Police partners recovering

EVERETT The Everett police partners hurt in Sunday’s crash both made big steps towards recovery Wednesday.

Officer Suzanne Eviston was moved out of intensive care at a Seattle hospital. Her partner, Axle, a German shepherd police dog, walked on his own out of a veterinarian’s office, limping on his hind leg.

“He’ll be just fine,” said Everett police Sgt. Chip Higinbotham, the canine division commander.

The big, black patrol dog looked wearily at news cameras while led on a leash to a waiting car. His leg, broken in two places, was immobilized with steel pins.

The police dog’s recovery likely will last up to eight weeks, Higinbotham said.

It’s unclear when Eviston, 37, who suffered multiple broken bones, will be released. She was improving and her condition was upgraded to satisfactory Wednesday, Haborview Medical Center spokeswoman Susan Gregg-Hansen said.

Eviston and her family were eager to see pictures of Axle, Higinbotham said. He said he’s trying to figure out a way for Axle to visit Eviston in the hospital.

Meanwhile, Snohomish County prosecutors Wednesday filed a vehicular assault charge in Everett District Court against Alan Brian Waterman, 19.

The Everett man allegedly struck Eviston and her canine partner Sunday while fleeing the scene of a burglary where the thieves were after copper wire.

Police initially accused Waterman of deliberately ramming Eviston’s patrol car with a stolen Jeep Cherokee. Waterman was arrested and held for investigation of first-degree assault, burglary, theft and possession of drugs.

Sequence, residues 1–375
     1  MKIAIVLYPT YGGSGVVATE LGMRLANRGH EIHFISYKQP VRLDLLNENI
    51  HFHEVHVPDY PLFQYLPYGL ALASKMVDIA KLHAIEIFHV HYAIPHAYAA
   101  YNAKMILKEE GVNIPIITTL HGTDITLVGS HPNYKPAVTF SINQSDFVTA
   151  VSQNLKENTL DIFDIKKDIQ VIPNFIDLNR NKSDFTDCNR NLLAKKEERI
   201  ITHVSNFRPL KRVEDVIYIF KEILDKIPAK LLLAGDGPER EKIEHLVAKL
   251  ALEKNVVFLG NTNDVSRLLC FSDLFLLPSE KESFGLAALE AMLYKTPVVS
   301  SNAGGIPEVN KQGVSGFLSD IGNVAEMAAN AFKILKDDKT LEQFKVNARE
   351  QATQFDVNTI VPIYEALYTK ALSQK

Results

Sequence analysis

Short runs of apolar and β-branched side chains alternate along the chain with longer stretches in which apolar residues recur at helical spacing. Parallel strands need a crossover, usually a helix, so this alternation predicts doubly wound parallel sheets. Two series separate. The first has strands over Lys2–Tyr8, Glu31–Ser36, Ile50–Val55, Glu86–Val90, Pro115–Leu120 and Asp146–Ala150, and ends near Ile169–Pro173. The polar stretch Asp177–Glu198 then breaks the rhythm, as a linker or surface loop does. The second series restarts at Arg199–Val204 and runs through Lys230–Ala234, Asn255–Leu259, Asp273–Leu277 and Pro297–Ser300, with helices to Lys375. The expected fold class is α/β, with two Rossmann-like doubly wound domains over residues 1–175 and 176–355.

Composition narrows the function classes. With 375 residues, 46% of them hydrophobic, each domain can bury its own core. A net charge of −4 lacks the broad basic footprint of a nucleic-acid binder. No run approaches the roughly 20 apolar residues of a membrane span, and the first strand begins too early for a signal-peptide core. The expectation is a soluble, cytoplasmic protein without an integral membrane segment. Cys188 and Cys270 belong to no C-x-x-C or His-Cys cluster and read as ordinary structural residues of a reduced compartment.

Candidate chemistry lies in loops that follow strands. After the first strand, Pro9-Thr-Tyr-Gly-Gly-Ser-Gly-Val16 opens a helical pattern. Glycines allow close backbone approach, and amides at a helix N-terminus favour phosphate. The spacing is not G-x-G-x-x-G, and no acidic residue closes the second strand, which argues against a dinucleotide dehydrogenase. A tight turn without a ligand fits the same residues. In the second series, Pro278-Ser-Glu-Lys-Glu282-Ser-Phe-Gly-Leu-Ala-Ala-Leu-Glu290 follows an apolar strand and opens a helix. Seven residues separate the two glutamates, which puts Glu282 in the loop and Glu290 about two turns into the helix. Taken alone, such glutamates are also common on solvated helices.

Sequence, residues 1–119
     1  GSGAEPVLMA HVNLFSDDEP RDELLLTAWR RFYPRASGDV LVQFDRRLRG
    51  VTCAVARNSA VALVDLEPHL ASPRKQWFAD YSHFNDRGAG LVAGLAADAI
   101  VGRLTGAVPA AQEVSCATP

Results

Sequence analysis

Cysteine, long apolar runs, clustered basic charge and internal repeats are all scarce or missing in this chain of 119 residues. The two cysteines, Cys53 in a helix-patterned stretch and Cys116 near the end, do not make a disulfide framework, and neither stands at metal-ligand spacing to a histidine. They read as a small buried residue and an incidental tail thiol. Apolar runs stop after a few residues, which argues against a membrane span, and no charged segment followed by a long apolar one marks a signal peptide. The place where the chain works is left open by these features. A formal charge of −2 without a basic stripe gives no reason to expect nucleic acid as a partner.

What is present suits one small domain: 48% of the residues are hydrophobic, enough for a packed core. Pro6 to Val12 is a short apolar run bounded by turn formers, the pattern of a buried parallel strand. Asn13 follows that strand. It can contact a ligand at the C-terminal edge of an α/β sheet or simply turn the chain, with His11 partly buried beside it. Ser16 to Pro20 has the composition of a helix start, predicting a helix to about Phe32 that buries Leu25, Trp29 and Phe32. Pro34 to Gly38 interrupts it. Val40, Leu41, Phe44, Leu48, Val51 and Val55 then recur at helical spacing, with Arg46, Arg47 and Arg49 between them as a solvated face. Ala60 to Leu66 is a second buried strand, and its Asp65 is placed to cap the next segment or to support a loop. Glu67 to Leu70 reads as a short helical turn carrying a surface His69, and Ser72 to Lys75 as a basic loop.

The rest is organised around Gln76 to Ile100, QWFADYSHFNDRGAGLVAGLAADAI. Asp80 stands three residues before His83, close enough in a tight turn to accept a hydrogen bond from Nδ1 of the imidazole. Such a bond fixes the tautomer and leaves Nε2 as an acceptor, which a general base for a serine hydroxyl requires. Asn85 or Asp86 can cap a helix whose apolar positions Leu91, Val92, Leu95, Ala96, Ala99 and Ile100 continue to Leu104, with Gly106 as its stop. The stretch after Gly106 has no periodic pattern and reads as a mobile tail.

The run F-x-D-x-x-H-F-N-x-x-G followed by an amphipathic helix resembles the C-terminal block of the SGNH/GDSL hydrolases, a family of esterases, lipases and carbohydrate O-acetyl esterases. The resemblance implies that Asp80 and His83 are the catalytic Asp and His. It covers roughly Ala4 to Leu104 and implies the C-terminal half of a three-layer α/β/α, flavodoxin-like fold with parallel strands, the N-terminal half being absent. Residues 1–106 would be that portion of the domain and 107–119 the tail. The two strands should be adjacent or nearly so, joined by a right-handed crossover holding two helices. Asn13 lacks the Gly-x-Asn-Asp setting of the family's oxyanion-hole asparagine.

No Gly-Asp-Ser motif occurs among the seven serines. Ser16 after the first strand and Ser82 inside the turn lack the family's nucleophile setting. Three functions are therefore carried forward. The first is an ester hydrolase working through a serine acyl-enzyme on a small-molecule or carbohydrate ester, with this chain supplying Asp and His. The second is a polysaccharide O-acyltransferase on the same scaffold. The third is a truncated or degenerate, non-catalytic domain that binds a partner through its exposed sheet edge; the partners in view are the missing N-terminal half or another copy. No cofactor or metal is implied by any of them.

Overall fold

The case is still under investigation, deputy prosecutor Ed Stemler said.

“Given the severity (of the injuries) we wanted to make sure he was held” in jail, Stemler said. Bail was set Monday at $200,000.

The charges that prosecutors bring in Snohomish County Superior Court will depend on the results of the investigation, Stemler said.

“I’ll file the charges that are supported by the evidence when it’s all available,” Stemler said.

Axle’s injuries and separation from Eviston likely have been stressful for the police dog, Higinbotham said.

Specially trained, police dogs are strong, emotionally and physically, said Spokane police Officer Kevin King, president of the Washington Police Canine Association.

“These dogs have been selected for a reason. They have the drive to get through situations like this,” he said.

Police dogs respond to high-risk calls and can be injured frequently, King said. In his 16 years of police work, all three of his dogs have been hurt and have recovered.

There are about 200 working police dogs statewide, King said. News of Eviston and Axle’s injury spread quickly through the tight-knit community of police dog handlers.

Axle’s release from the Puget Sound Animal Hospital for Surgery in Kirkland on Wednesday is going to mean a lot to those handlers, but most to Eviston.

“That’s going to be a big deal to her,” Higinbotham said.

Reporter Jackson Holtz: 425-339-3437 or jholtz@heraldnet.com.

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